One of the wonderful joys of living in Tasmania is the ability to be immersed in the seasons. Living on a farm intensifies this privilege; spring heralds the arrival of the babies, summer's long, long days exhaust us as we sit down to dinner at 9pm after the light has faded and the jobs are done, autumn brings crisp, cool mornings that see the goats eating more hay to "get their rumens going", and then there's winter...
Winter is bliss here on the farm - the days are short, the wood-stove is on, the slow cooking fills the house smells that "go round your heart like a hairy worm" (a Scottish saying, for the uninitiated), and the goats are dry - no milking for 2-3 months! Bliss! Which should mean sleep-ins - but then we have a toddler.... and now a new-born. So despite it being winter, there is a new baby on the farm. And she's settled in well and is thriving.
2 years ago we had our first winter baby - and it was during his early months that the dairy was built. Since then, we've had 2 very successful seasons producing goat milk. This winter, the arrival of the baby has coincided with the build of our dairy processing factory. We are hopeful that we will have everything in place in time for the kid-drop in mid-late September so that we can start cheese production on farm at the start of the season. So while winters are usually a time for rest, recovery and getting outstanding jobs done (like fencing - the eternal, bloody fencing), this winter is once again frantic - as we build again with another new addition to the family.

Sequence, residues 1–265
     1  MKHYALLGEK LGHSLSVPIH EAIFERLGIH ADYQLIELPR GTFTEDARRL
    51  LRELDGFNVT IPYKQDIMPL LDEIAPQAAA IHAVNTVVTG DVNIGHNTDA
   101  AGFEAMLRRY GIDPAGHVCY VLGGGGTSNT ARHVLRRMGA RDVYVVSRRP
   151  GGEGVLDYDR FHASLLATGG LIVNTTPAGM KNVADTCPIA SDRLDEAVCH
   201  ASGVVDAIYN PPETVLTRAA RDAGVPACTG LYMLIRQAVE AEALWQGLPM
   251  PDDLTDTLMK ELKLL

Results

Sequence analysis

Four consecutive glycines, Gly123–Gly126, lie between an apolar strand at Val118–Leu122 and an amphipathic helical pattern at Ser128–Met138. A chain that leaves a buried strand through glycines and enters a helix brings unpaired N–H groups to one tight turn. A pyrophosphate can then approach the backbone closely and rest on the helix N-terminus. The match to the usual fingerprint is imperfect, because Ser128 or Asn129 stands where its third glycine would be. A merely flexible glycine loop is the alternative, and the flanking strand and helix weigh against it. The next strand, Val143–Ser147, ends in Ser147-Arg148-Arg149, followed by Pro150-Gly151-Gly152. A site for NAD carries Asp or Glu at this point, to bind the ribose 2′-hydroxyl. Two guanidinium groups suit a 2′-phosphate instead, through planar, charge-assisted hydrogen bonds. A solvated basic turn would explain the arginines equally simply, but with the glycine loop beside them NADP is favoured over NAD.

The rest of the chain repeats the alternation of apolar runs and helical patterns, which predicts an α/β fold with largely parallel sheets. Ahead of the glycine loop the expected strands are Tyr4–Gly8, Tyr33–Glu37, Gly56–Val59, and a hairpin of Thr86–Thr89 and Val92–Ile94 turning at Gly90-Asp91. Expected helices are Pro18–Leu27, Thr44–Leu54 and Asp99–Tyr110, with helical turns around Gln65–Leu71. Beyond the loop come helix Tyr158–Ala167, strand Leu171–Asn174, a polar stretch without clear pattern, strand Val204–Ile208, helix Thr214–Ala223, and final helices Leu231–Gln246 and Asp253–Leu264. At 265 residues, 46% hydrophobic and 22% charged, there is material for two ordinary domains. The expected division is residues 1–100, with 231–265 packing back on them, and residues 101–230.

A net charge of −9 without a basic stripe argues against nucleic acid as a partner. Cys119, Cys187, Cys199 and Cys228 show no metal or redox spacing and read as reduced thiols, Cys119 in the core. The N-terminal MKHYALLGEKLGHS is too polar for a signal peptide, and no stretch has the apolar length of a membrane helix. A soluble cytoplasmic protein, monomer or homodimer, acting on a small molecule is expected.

And as we try to squeeze as much as we can into every short day, the cows and goats quietly continue to gestate while the bull and the bucks sadly realise that their work is done for another year. The grass is slowly growing with all the rain and the mild temperatures we've had, which is a reprieve after the last 3 dry years, particularly the summer just past. The magpies greet the sun every morning and the kookaburras cackle at the setting sun every night, and slowly, but surely, their songs are getting further apart as the days lengthen.
As we start our 5th year on the farm, we've had a chance to reflect on this new life we've started. We can't believe that 4 years (in one place!) has gone so quickly. We've managed to take this land in a new direction, successfully producing ethical, pastured, yummy beef and goat meats and goat milk. And so it's onto the next adventure: raising a young family and producing artisanal cheese. We'll keep you posted.